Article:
Faculty Discuss Parental Leave, Diversity
By Nihal Shrinath '12, Editor-in-Chief
At their meeting this Tuesday, the faculty discussed faculty parental leave and the current composition of tenure-line faculty. Both topics had been discussed at the previous faculty meeting, and the conclusions of the Committee on Priorities and Resources (CPR) and Dean of Faculty Gregory Call were presented regarding new developments on these two issues.

The faculty had previously asked the CPR to reconsider a policy for parental and medical leave. This policy gave all parents paid parenting leave, which consisted of a one-course teaching reduction during the semester of adoption or birth. Separately, a modified medical policy would give professors who go through childbirth eight weeks of paid leave and no course load that semester. The essential difference between the policy proposed at the last faculty meeting and that of the one proposed last night was that the length of medical leave was changed from eight weeks to two months.

Professor Catherine Epstein, a member of the CPR, stressed that this policy essentially treats all parents the same, and that it is not the most generous policy, but reasonable and fair. She said, “It’s high time the College adopts a paid parenting leave for faculty members.”

One faculty member brought up the problem of adoptive parents, where a primary caregiver would have to teach a course, and how this is unfair for the children. Committee members acknowledged this invidious distinction, but also stressed the importance of bringing a proposal to the Board of Trustees that they could endorse. The problem with extending the provisions within medical leave to all parents would be the added cost of extending this policy to all staff. Following more debate, the faculty overwhelmingly approved the CPR’s proposal. A faculty and committee member summed up the benefits of voting yes, saying it is a “better policy than that which we lived with for many years.”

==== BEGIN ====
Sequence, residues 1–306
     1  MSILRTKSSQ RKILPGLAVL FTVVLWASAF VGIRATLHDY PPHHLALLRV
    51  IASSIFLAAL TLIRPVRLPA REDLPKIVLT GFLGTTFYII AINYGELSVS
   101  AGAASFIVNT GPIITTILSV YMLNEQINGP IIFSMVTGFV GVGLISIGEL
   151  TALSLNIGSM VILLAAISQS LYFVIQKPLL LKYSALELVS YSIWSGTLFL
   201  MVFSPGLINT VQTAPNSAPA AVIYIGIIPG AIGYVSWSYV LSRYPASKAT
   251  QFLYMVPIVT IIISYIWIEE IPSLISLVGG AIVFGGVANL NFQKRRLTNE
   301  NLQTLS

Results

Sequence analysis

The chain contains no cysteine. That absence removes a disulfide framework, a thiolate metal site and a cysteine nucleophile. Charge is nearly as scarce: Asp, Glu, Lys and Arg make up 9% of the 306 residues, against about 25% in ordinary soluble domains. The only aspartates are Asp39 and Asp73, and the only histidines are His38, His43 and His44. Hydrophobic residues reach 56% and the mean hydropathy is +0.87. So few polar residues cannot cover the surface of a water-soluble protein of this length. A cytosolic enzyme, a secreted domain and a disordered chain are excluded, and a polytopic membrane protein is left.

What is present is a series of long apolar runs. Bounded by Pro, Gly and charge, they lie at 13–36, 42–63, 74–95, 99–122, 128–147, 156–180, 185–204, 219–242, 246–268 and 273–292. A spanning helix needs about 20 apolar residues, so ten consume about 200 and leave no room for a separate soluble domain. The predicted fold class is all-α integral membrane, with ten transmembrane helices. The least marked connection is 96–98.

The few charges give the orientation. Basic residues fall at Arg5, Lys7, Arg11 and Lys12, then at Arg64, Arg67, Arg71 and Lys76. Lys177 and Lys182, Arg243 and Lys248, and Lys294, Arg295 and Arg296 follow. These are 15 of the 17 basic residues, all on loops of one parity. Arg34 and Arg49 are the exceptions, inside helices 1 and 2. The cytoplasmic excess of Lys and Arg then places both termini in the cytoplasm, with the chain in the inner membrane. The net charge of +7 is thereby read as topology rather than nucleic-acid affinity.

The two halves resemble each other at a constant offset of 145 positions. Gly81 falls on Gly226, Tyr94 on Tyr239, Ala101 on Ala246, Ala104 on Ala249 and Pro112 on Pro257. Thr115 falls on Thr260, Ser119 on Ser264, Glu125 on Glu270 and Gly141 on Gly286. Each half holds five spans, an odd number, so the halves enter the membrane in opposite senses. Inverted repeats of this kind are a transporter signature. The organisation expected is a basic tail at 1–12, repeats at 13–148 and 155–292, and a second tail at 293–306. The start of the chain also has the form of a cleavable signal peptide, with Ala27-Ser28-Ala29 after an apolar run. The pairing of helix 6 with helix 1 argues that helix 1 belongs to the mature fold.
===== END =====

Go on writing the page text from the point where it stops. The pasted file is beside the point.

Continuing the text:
Dean of Faculty Gregory Call then presented charts detailing the age, gender and racial distribution of tenure-line faculty, of which there are 173. The two highest age ranges were 60-64, with 26 faculty members, and 35-39, with 24 faculty members, reflecting a generally equal distribution among ages, with a small dip in the middle range. Call discussed the elder range, with 59 of 173 faculty members over 60, and explained the phased retirement program that is offered at 60. Since so many tenured professors are retiring soon, and because between 2013 and 2017 the cap on number of tenure-line professors will increase by three each year, there will be about 10 faculty hires per year between 2013 and 2017.

This brought into question faculty hiring practices and the racial and gender diversity among faculty. There are significantly more male than female professors, but most of this disparity is accounted for by the elderly professors, of which 44 of 59 are male.

Racial diversity was also brought into question. With 82.3% of tenured faculty being white, and Black (3.5%), Asian (8.7%) and Hispanic (4%) demographics being underrepresented relative to the student body, the faculty brought up the problem that the trend wasn’t towards a more diverse faculty, but the opposite. Professor C. Rhonda Cobham-Sander remarked that a black professor hadn’t been hired in six years, and that 20 years ago, there were 11 black faculty, whereas now there are only six.

The discussion ended with a conclusion that the College needs to re-evaluate its hiring practices and the legal advice it gets regarding targeted hiring.

Issue 21, Submitted 2011-04-06 03:02:21